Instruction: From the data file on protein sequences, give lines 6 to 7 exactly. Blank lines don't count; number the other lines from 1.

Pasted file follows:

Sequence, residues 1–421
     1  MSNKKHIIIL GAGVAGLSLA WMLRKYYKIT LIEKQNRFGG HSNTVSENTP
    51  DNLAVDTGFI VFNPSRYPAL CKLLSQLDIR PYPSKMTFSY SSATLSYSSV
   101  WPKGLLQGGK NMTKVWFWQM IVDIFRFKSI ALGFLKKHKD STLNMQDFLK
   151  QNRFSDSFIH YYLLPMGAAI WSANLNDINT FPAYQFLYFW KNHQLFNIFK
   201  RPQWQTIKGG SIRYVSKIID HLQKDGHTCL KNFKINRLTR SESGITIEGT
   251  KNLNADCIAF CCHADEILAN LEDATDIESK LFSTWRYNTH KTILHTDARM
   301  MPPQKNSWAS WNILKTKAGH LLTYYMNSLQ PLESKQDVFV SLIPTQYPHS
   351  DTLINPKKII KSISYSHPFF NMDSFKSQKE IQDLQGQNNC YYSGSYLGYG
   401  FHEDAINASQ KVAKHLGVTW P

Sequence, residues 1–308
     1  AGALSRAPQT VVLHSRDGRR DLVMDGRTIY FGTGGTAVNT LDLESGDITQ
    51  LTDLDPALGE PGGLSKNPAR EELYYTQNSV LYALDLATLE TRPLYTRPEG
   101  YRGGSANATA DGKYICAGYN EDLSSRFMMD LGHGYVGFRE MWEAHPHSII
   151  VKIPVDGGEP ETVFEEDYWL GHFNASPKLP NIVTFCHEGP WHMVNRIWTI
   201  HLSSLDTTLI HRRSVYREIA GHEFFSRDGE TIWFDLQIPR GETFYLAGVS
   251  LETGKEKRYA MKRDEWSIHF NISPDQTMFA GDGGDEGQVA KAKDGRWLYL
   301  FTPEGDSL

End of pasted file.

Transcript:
   201  RPQWQTIKGG SIRYVSKIID HLQKDGHTCL KNFKINRLTR SESGITIEGT
   251  KNLNADCIAF CCHADEILAN LEDATDIESK LFSTWRYNTH KTILHTDARM